Journey Through Parenting Styles: Insights from a Social Worker’s Perspective
Navigating the intricate terrain of parenting inevitably prompts the timeless question: What constitutes the best parenting style? Drawing from my extensive experience as a Social Worker, I’ve had the privilege of intimately engaging with families from diverse backgrounds, each crafting its unique narrative threaded with cultural nuances, values, and distinct challenges.
Families, whether willingly seeking professional help or grappling with crises that demand external support, often find themselves wrestling with the elusive notion of the ideal parenting approach. Does a universal method truly exist? Many families I’ve worked with have traversed through a myriad of strategies gleaned from self-help literature and parenting seminars, often expressing frustration at the perceived impracticality of ‘textbook advice’ in their lived realities and its seeming unsuitability for their distinctive children.
In a world awash with information, where debates range from bottle feeding philosophies to establishing boundaries for teen social media usage, I advocate for simplicity in the parenting discourse. It’s easy to become ensnared in the minutiae of specific practices, which is why I consistently encourage families to step back and contemplate the overarching narrative of their parenting journey.
In moments of profound reflection, I often turn to the insightful framework meticulously laid out by Barbara Coloroso. A luminary in parenting, teaching, and conflict resolution, Coloroso delineates three distinct parenting styles: brickwall, jellyfish, and backbone.
This style is characterized by an authoritarian and rigid approach. Parents adopting the brickwall style emphasize strict adherence to rules and regulations without much room for negotiation understanding. The focus is on control, often resulting in a more punitive disciplinary approach.
Authoritarian Approach: Expecting unwavering obedience, brickwall parents maintain a strict, rule-driven environment.
Emphasis on Control: The parenting style places a high premium on control, potentially stifling a child’s individuality.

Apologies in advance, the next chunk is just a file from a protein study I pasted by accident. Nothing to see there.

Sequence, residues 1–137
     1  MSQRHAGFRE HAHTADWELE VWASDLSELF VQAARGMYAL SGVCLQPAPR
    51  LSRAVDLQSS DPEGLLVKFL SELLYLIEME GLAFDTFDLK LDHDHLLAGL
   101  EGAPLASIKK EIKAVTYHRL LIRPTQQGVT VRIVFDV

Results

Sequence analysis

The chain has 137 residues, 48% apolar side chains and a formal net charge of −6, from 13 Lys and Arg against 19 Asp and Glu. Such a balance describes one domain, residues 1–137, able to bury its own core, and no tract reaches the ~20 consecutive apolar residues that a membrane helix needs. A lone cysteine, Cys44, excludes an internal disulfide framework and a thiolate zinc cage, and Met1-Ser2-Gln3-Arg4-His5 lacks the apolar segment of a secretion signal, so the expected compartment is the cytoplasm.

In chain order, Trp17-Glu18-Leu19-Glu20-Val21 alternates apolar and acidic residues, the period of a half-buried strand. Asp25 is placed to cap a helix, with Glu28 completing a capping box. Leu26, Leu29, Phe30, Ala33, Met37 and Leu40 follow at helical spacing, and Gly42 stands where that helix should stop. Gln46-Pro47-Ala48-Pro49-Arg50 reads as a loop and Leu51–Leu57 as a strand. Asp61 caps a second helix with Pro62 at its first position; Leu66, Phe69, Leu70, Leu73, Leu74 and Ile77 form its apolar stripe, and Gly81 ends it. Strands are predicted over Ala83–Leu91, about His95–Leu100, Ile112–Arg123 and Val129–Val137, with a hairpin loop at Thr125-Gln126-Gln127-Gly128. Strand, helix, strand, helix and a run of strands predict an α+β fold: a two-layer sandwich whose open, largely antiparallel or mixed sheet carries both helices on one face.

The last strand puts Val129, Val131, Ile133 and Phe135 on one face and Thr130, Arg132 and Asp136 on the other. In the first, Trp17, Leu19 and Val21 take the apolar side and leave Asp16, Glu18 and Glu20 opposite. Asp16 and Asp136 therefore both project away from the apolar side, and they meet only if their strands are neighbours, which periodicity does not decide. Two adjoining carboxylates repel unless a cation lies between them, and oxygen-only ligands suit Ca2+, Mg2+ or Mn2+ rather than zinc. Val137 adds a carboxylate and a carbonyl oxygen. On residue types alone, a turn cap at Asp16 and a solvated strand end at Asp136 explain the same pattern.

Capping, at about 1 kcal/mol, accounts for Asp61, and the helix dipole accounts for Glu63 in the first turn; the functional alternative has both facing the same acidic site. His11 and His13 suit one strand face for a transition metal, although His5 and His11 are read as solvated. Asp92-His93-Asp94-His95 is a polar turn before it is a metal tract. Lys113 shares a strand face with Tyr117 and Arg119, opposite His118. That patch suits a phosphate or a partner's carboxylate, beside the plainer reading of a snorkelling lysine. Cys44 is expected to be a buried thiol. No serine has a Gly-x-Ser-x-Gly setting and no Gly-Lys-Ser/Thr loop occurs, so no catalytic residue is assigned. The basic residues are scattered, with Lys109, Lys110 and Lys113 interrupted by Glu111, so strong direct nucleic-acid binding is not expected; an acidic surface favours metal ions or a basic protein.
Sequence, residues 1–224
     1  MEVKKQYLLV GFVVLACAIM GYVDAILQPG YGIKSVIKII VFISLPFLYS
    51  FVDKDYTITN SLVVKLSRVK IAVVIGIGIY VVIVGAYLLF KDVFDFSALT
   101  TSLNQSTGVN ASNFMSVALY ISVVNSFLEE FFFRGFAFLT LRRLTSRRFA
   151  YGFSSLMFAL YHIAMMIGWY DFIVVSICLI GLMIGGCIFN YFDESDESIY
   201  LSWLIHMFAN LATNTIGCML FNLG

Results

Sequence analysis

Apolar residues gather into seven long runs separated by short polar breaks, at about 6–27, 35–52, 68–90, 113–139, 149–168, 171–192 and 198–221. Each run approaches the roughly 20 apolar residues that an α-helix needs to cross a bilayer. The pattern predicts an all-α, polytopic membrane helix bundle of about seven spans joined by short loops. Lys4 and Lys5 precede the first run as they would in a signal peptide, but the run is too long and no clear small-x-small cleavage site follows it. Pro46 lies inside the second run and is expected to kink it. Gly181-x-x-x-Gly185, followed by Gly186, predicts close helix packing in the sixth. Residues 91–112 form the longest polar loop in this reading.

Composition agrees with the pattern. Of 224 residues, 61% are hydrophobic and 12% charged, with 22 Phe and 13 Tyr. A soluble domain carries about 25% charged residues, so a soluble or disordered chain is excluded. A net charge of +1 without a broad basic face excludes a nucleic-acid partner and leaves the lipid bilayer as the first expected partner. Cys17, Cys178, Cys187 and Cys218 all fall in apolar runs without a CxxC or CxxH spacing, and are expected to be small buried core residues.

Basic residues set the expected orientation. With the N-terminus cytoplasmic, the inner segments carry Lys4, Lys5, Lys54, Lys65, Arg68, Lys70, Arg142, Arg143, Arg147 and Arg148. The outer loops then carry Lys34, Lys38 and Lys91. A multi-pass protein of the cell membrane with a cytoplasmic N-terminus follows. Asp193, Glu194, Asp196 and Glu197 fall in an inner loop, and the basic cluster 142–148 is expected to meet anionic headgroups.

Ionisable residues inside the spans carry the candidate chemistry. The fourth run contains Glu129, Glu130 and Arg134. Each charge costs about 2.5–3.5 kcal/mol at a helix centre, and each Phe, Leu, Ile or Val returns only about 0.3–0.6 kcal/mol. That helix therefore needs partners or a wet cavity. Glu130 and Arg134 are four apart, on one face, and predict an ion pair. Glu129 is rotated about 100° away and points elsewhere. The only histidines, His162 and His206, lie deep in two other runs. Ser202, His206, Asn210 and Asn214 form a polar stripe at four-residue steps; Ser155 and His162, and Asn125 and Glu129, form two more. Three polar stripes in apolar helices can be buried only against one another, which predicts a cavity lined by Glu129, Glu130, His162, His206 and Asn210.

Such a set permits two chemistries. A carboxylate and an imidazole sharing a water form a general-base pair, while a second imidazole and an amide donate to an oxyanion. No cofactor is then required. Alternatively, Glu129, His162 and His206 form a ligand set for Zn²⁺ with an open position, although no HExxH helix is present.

Little Flexibility: Rules are enforced without consideration for the unique needs or circumstances of the child.
The jellyfish parenting style is characterized by permissiveness and a lack of clear boundaries. Parents adopting this approach may find it challenging to enforce rules consistently, leading to a sense of unpredictability for the child.
Lack of Boundaries: Jellyfish parents may be lenient with rules and consequences, potentially avoiding conflict to maintain a peaceful environment.
Overly Indulgent: There is a tendency to be overly indulgent and lenient in response to the child’s desires or requests.
Inconsistency: Rules and consequences may be applied inconsistently, leading to confusion for the child about expectations.
The backbone parenting style strikes a balance between firmness and nurturing. Parents adopting this approach set clear, reasonable expectations for their children. They provide structure, guidance, and consistent consequences for behaviour but do so in a way that is supportive and loving.
Clear Expectations: Backbone parents communicate clear rules and expectations, promoting a sense of structure.
Nurturing Environment: While enforcing rules, they create an environment of warmth and support, emphasizing the importance of love and connection.
Open Communication: There is an emphasis on open communication and a willingness to listen to the child’s perspective, fostering a healthy parent-child relationship.
Recognizing the dynamic nature of parenting, I accentuate the importance of flexibility, urging parents to consider their child’s developmental stage and unique individuality. Barbara Coloroso’s endorsement of the “backbone” style underscores the significance of balancing discipline with love for a child’s holistic development.
In my professional role, I steadfastly prioritize delving into the essence of parenting—the core values and aspirations of each family. I guide them toward a broader perspective, encouraging exploration and the discovery of their authentic parenting style. For those seeking deeper insights, Barbara Coloroso offers a rich array of resources, including books and presentations, while professionals stand ready to provide hands-on, tailored assistance for specific situations. This nuanced understanding of parenting styles provides families with a valuable framework for self-reflection, growth, and the cultivation of healthy parent-child relationships.
Ania Harnden completed training with the “EMDR Training Australia and New Zealand”, a training provider that presents an EMDR training program authorised by Dr Francine Shapiro and her training institute, the EMDR Institute. Ania Harnden is a member of EMDR International Association (EMDRIA).
To book an appointment with Ania, select Online Booking or call Vision Psychology Brisbane on (07) 3088 5422.
Coloroso, B. (1995). Kids Are Worth It!: Giving Your Child the Gift of Inner Discipline. New York, NY: Avon Books.